Image courtesy of Julian Wray

I cannot buy a book before I’ve read it. Questions of limited funds aside, what if the book just sits on my shelf, unread until I move again? What if I hate the ending? The rational answer to my concern, of course, would be to return the book; however, returning a book requires effort and gas money. Besides, more than anything, buying a book is about trust — trust that it will subvert your expectations. It’s a leap of faith. So when I saw a signed copy of “The Anthropocene Reviewed” by John Green for the first time, I surprised everyone, including myself, by buying a copy. I wasn’t prepared to find a new favorite book. 

Wherever I move, I will be taking this book with me. Green’s collection of personal essays about the Anthropocene, our current geologic age of unavoidable human influence, is easily digestible but incredibly complex. The book is composed of essays, or “reviews,” of different facets of the Anthropocene — anything from “Penguins of Madagascar” to “Auld Lang Syne” and “Sycamore Trees.” The idea was sparked when beloved brothers John and Hank Green found amusement in reviews of national parks on Google, leading them to come up with “The Anthropocene Reviewed,” a podcast in 2018, with episodes like “The Icelandic Hot Dog Stand and Signing Your Name 250,000 Times” or “Air Conditioning and Sycamore Trees.” Now, “The Anthropocene Reviewed” exists as a book, with excerpts from the podcasts, as well as new essays. 

Green is known for his wildly divisive young adult novels but has most definitely hit his stride in writing non-fiction. The connection between his YA fiction and this collection of essays isn’t overt or noticeable (except for the parts where he mentions his books). Many of the dozens of deeply emotional and philosophical essays are around four to six pages. Due to their extraordinary nature, I’ve had to take multiple breaks reading this book. Green simultaneously paints a deeply honest roadmap of his life and the Anthropocene, focusing on coping with the condition of our deeply bizarre, ultra-modern world and unintentionally creating an unfinished list of reasons to love being alive. He writes with such unconditional love for the world — it’s no small feat to convince me that the answer to my problems is to visit Indianapolis. 

As expected, a common theme is the magnitude of the Earth’s temporal range or range of existence in units of time. In an essay titled “Humanity’s Temporal Range,” Green writes, “We know we are circling a star that will one day engulf us. We’re the only species that knows it has a temporal range.” Green focuses on questions of relative temporal ranges by portraying our short but impactful time on earth and how he has come to terms with the inevitable destruction of humanity.

In another essay on the Bonneville Salt Flats, Green writes, “In the age of the Anthropocene, humans tend to believe, despite all available evidence, that the world is here for our benefit. So the Bonneville Salt Flats must have a human use; why else would they exist? Nothing can grow in that dry, salty soil, but we find uses for it anyway.” Within the book, Green describes how humans manage to persevere as a species and wreak havoc upon the Earth. The Earth has existed for billions of years before us and will exist after. Humans tend to believe their impact is the most beneficial occurrence to ever happen to the Earth, but Green succeeds in making humans seem just what they are: mortal. That’s not to say the author underplays climate change. Humans, despite being clueless about the history before them, are both creative and destructive.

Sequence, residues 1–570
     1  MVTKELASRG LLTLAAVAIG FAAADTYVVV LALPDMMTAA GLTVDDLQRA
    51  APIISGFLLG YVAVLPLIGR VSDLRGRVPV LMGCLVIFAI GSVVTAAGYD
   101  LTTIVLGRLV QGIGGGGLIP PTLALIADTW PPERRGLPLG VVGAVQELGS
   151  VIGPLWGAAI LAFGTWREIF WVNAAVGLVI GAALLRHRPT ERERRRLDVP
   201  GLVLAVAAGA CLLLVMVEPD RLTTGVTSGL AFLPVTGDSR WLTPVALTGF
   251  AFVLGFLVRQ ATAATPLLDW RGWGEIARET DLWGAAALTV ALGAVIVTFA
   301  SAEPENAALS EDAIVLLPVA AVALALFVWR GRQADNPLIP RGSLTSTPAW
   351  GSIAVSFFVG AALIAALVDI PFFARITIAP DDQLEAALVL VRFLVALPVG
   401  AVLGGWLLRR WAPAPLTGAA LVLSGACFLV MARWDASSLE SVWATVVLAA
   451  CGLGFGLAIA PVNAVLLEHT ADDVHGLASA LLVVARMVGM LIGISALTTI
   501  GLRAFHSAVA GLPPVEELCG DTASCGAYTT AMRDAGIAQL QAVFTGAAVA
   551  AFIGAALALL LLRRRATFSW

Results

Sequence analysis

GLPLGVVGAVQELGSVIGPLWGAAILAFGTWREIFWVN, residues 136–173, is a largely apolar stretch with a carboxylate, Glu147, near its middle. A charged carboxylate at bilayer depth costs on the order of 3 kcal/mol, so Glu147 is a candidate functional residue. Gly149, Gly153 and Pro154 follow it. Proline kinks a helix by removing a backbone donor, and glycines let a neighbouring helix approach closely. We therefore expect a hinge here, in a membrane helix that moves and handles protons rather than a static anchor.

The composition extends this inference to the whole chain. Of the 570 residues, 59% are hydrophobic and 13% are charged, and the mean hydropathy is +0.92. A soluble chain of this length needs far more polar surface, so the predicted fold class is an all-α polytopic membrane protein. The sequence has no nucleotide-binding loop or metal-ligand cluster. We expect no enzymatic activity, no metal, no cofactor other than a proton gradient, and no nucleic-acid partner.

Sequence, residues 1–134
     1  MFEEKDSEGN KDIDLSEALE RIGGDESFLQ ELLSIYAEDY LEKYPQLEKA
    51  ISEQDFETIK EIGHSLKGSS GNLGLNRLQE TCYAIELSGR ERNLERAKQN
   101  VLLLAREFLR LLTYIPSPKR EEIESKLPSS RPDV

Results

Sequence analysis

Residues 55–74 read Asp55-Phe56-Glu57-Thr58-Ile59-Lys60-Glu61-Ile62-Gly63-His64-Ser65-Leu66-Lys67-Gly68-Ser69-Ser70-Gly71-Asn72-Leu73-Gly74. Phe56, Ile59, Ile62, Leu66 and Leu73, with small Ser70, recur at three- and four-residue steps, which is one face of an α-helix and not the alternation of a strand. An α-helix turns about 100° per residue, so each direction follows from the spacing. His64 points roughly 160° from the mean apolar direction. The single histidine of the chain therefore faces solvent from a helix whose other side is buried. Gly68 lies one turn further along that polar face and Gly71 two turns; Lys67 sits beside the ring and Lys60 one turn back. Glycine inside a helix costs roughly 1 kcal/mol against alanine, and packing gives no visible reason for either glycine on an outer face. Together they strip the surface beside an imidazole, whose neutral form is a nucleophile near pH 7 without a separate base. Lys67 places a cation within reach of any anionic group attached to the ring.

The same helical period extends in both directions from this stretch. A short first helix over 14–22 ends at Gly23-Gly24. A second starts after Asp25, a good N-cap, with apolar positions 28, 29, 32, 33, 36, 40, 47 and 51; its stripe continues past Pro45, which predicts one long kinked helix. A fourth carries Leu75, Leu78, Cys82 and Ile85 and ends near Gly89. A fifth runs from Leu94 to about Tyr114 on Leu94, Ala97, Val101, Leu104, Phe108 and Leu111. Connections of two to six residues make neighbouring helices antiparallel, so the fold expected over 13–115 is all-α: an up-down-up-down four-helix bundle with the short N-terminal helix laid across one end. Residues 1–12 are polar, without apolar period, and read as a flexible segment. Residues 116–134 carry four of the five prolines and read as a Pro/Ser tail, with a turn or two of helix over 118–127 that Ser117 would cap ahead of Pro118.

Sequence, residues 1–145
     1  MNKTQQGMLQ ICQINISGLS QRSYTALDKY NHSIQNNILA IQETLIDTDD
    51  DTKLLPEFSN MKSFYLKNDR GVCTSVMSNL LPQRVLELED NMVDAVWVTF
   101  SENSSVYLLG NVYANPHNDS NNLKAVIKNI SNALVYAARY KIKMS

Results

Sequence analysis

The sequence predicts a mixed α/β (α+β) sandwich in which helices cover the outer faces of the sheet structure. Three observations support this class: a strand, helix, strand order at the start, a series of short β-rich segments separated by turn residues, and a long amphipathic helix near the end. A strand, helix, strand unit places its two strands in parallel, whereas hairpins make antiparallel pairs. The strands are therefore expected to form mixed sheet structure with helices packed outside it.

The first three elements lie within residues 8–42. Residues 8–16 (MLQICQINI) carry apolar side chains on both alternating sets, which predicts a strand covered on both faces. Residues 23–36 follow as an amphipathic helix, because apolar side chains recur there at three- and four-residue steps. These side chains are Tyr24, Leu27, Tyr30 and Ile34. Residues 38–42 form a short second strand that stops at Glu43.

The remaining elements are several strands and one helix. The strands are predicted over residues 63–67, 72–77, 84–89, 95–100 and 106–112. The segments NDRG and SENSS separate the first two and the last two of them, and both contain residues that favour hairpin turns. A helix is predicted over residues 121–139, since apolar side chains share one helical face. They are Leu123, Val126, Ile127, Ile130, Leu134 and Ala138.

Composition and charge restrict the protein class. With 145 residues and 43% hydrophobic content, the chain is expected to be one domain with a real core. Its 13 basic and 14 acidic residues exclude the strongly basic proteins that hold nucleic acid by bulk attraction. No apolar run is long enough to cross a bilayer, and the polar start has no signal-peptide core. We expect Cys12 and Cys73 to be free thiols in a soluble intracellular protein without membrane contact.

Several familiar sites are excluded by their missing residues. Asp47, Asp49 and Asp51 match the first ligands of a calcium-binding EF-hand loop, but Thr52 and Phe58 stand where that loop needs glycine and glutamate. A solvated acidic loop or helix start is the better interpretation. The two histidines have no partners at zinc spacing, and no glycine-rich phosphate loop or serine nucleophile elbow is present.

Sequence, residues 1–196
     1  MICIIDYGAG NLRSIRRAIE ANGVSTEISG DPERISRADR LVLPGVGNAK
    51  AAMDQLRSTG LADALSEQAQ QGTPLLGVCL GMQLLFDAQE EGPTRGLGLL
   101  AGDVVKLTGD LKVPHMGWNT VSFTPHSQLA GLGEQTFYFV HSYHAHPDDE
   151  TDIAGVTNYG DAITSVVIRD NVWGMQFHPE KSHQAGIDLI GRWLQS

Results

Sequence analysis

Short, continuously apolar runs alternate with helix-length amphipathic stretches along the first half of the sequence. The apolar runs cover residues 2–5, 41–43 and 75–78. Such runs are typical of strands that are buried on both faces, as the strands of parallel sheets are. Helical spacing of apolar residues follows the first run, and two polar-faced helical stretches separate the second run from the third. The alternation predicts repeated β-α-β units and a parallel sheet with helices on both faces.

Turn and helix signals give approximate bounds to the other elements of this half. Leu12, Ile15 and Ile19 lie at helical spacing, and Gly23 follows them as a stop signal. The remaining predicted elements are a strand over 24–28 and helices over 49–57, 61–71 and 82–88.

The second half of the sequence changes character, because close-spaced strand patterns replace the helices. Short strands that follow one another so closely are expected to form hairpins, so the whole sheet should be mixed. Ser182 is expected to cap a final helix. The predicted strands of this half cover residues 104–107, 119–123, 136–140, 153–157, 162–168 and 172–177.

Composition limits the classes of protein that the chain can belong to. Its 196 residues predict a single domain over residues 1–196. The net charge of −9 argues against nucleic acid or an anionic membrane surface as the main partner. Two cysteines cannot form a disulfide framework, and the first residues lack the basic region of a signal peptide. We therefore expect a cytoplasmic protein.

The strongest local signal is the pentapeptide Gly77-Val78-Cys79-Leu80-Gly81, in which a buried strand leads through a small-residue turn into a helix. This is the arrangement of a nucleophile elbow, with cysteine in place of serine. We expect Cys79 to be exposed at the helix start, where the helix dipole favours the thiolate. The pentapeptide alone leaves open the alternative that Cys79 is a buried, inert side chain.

Green also observes phenomena surrounding humans that have lasted for thousands of years. While writing of the history of the treatment of Staphylococcus aureus, a bacteria, he mentions, “[Staphylococcus] doesn’t know about people. It just wants to be, like I want to go on, like that ivy that wants to spread across the wall, occupying more and more of it.” Perhaps Staphylococcus is Green’s apt metaphor in describing humanity; always evolving into a new form, but also fundamentally creative, destructive, parasitic and never-changing in its identity.

Motifs in human history are common throughout Green’s novel; he mentions human traditions that have lasted years in his essays “Lascaux Cave Paintings” and “Auld Lang Syne.” He also speaks of odd developments of the modern age in essays such as “Nathan’s Famous Hot Dog Eating Contest,” writing, “I love humans. We would really eat our way out of sixty cubic feet of popcorn to survive.” Green speaks of the symptoms, side-effects and genetic causes of our human experience. He holds a soft spot for humanity and cannot help but laugh at the ridiculousness and recurring themes that will inevitably appear within all of our lifetimes. The perseverance of humanity is a topic that deeply interests the author, and by the end of the book, the reader as well. Of course, even he must persevere in his personal life, and his personal stories of living with existential uncertainty are among the best moments of the piece.

Green’s work observes our perseverance through mortality. Humanity has the stubbornness of a pathogen: constantly evolving, yet our DNA is traceable through millions of years. Instead of choosing to fear our messy, parasitic nature, Green laughs it off in a book that will most likely be studied in the future for its poignancy, wit and honest-to-god genius. The greatest gift any human could give is their own roadmap of the Anthropocene. What defines your existence, no matter how hard you wish for it not to? A few days ago, I called a friend and read the essay “Indianapolis” aloud to bother him into reading the whole work. Sometimes, buying a book is worth it. 

Daily Arts writer Meera Kumar can be reached at